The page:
Betting a Microsoft or Apple competitor snaps these guys up straightaway followed by a number of overzealous Apple supporters immediately denouncing them for their "outdated" tech. 1tongue.gif

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Proud AAPL stock owner.

 

GOA

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post #7 of 14
Quote:
Originally Posted by bighype View Post

While this is "cool", I have no idea what I'd use the damn thing for. Not to mention the gorilla arm problem.

 

Could be a good substitute for lifting weights... or not.

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post #8 of 14
Quote:
Originally Posted by SpamSandwich View Post

 

Could be a good substitute for lifting weights... or not.

Nahh.. about the only thing this would give you is RSI.

post #9 of 14

Gosh, this is like having a Windows 8 Surface without having to lean all the way forward and touching/smearing the screen. The best thing is that one doesn't need to go buy a touch sensitive screen; you can just use EXISTING hardware and EXISTING software OS. So much for Windows 8 sales and an automatic obsolescence of existing PCs.

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post #10 of 14

I'm still not convinced of motion sensing. It's great for special effects in movies and demos, but practical use?  I'm not seeing it.  I guess i would have to have someone get their hands on it and spend 6 months to see what they thought, and then MAYBE.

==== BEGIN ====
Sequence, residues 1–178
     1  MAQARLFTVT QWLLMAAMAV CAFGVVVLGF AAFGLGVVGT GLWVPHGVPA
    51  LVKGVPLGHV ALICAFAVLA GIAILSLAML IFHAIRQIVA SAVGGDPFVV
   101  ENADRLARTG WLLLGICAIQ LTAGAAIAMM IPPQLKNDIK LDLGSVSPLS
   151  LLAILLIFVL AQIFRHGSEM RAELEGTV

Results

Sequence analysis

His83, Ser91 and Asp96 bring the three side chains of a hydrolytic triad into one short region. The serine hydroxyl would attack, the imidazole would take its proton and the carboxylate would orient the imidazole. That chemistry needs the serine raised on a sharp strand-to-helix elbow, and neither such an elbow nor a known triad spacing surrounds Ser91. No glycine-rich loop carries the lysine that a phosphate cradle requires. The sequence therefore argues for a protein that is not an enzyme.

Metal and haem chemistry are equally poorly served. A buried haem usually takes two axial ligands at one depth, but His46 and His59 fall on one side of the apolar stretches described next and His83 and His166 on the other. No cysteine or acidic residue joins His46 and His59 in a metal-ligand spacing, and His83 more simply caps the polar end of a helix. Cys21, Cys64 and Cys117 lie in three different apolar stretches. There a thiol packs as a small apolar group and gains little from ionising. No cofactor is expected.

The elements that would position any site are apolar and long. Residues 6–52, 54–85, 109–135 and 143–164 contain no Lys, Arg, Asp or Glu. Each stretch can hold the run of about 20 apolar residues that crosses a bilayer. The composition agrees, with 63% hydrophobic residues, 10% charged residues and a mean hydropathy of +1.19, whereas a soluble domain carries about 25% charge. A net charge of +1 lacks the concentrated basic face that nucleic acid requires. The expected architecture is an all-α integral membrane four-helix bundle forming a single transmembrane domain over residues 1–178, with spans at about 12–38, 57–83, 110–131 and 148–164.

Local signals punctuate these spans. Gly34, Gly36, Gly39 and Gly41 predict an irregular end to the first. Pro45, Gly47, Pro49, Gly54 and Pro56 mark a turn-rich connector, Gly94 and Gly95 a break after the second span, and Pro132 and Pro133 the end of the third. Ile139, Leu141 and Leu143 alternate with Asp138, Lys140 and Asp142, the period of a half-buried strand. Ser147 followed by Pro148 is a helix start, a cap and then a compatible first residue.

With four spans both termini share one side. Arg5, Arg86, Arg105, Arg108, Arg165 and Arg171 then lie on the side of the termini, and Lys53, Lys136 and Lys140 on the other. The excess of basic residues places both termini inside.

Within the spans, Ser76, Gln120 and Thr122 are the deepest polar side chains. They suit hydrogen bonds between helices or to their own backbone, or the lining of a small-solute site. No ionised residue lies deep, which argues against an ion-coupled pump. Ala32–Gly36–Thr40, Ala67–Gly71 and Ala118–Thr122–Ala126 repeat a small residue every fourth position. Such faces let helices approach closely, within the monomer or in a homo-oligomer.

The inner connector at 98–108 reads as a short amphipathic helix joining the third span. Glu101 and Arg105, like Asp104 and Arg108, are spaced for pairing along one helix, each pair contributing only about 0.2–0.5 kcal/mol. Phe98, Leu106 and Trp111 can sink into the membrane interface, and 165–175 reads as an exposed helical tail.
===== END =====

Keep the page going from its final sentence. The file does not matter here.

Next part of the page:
I like my keyboard, mouse and trackpad for the desktop.  Thank you very much.

post #11 of 14
Looks like a brilliant idea, and I'm keen to try one out.

Something has to be better than a mouse and keyboard, and touch screens don't really replace them. I've used an iPad long enough to be pretty sure of that, and agree with the Apple assessment that reaching forward to put finger prints on your computer screen as in Windows 8 is ergonomically flawed %u2013 and the evidence is that the Surface is not selling in big numbers.

One obvious caveat even before I try one: as with voice commands: how do you stop it from noticing when it shouldn't? Scratch your nose and delete a file %u2026

Another idea out there is brain-computer interfaces. Possibly a combination will be the way to go: something like Leap to pick up movement, and an EEG sensor to verify that you meant it.

Philip Machanick creator of Opinionations and Green Grahamstown
Department of Computer Science, Rhodes University, South Africa

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Philip Machanick creator of Opinionations and Green Grahamstown
Department of Computer Science, Rhodes University, South Africa

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post #12 of 14
The video demo here looks very good, its almost like an Apple product promotional video in style. But I don't know if many people will want to give their hands and arms such a workout when they're sitting in front of a video screen - for prolonged periods of time anyhow. When they can rest their hand comfortably on a mouse and carry out the same tasks. This tech could be good integrated into tablets and smartphones mind...less greasy-smudgy screens.
post #13 of 14
Looks great, can't wait to have it.
post #14 of 14

Preordered. I'll give it a go.